I think Warren Zevon song “Send lawyers, guns, and money” was a metaphor about the condition of fighting security vulnerabilities within corporate America. Many operating systems threats originate from the former Soviet Union, Europe, Middle East, and Africa where the long arms of the law can not prosecute. It’s a huge financial gamble today for corporations not to take very aggressive actions against these vulnerabilities. Check out these stats - - It’s not difficult to explain why fighting normal security threats isn’t enough anymore;
- Number of active Phishing sites nearly 3k, new Axis-of-evil hosting sites Canada, Korea, US.
- Identity theft fraud losses est. $53 billion annually, 10mm individuals affected and companies experience cost averages internal 2-3mm verse 57k external per incident.
- Personal Liability of Identity Theft; between $5k and $10k.
- Credit Card fraud 10mm annually / 160,000 incidences / 45mm compromises.
- 2+Billion spent on security consultants, and rising by 15% annually.
Which brings me to another point; my personal carbon based security system is called Kasie. A 65lb yellow Labrador retriever who generates many false positives (i.e. continuous barking), articulated in painful detail by my neighbors. She is frequently disabled by the “Red-Collar” that contains a special electronic device that administers a small shock when barking occurs. I’m sure both neighbors and criminals love it!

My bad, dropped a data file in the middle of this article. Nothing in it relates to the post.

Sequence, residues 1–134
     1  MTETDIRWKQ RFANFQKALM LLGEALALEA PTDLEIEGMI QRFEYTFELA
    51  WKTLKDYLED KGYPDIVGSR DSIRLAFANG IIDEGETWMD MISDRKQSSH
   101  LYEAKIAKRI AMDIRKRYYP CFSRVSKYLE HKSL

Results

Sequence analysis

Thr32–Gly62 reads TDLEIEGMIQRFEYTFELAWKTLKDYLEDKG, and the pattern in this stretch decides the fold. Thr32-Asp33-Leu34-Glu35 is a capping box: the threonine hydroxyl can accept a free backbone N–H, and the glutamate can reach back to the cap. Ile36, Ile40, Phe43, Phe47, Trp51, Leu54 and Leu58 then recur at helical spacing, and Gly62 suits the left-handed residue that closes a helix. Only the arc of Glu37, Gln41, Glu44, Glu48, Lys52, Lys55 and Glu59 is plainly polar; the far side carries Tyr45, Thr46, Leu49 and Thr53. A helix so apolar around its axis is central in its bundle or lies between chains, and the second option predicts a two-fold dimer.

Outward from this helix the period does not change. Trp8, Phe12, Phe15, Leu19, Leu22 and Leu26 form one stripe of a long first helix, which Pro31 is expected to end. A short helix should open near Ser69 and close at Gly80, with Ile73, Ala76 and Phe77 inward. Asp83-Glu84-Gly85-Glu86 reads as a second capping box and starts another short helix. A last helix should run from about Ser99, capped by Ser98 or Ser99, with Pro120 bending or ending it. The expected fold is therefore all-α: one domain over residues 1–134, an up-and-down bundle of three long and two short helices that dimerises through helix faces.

Security technology can also cause the same effect generating excessive Security Information and Event Monitoring (SIEM) without context of usage. Too many false positives and you just want to shut it down, resulting in letting the criminals in. The delicate balance is driven by the law of; stopping the bad guys is good, stopping the good guys is extremely bad. Making sense of all this data and developing a proactive response plan is the first step in taking an active offensive position.
The good news from my perspective is that the space is getting a tremendous amount of attention, and many Emerging Business startups are presenting very creative solutions covering hot spots fitting perfectly into corporate strategies. In case you haven’t read my bio yet, I joined the Microsoft Emerging Business Team July 2005 managing the Security Portfolio. The Microsoft Emerging Business Team (EBT) works with venture capitalists (VCs) and Independent Software Startups (ISVs) start-up companies worldwide to enable innovation and accelerate the software ecosystem. The Microsoft EBT mission is to identify and facilitate opportunity for start-ups and VCs, acting as the single point of contact and accountability to Microsoft. I have roughly 250 Security companies (70% Microsoft based) growing by est. 25 per month and constantly scanning the portfolio for disruptive players for trend setting technologies.
In the near future I will post trends, links, hot spots and feature companies that I find very interesting - - and of course if you have something you’d like me to check out please don’t hesitate to reply, or e-mail me on the topic.